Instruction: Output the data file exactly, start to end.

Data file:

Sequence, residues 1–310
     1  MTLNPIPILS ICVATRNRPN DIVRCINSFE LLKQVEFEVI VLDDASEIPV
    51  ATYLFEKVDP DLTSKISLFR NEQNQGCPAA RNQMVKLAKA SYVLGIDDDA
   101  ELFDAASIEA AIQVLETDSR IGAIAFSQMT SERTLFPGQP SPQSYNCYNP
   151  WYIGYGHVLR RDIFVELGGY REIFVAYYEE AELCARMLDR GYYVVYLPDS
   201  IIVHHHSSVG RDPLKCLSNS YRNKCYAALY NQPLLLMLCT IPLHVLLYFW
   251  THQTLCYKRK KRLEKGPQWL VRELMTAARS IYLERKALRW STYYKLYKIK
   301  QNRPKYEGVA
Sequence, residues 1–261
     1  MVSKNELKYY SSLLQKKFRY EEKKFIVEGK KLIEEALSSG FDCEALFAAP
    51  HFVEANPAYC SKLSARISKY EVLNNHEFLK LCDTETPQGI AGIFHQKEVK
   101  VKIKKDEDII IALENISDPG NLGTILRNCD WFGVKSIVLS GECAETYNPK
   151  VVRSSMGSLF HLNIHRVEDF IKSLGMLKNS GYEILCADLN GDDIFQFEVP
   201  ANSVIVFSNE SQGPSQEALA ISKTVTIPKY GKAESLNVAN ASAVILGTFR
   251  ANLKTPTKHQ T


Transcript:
Sequence, residues 1–310
     1  MTLNPIPILS ICVATRNRPN DIVRCINSFE LLKQVEFEVI VLDDASEIPV
    51  ATYLFEKVDP DLTSKISLFR NEQNQGCPAA RNQMVKLAKA SYVLGIDDDA
   101  ELFDAASIEA AIQVLETDSR IGAIAFSQMT SERTLFPGQP SPQSYNCYNP
   151  WYIGYGHVLR RDIFVELGGY REIFVAYYEE AELCARMLDR GYYVVYLPDS
   201  IIVHHHSSVG RDPLKCLSNS YRNKCYAALY NQPLLLMLCT IPLHVLLYFW
   251  THQTLCYKRK KRLEKGPQWL VRELMTAARS IYLERKALRW STYYKLYKIK
   301  QNRPKYEGVA
Sequence, residues 1–261
     1  MVSKNELKYY SSLLQKKFRY EEKKFIVEGK KLIEEALSSG FDCEALFAAP
    51  HFVEANPAYC SKLSARISKY EVLNNHEFLK LCDTETPQGI AGIFHQKEVK
   101  VKIKKDEDII IALENISDPG NLGTILRNCD WFGVKSIVLS GECAETYNPK
   151  VVRSSMGSLF HLNIHRVEDF IKSLGMLKNS GYEILCADLN GDDIFQFEVP
   201  ANSVIVFSNE SQGPSQEALA ISKTVTIPKY GKAESLNVAN ASAVILGTFR
   251  ANLKTPTKHQ T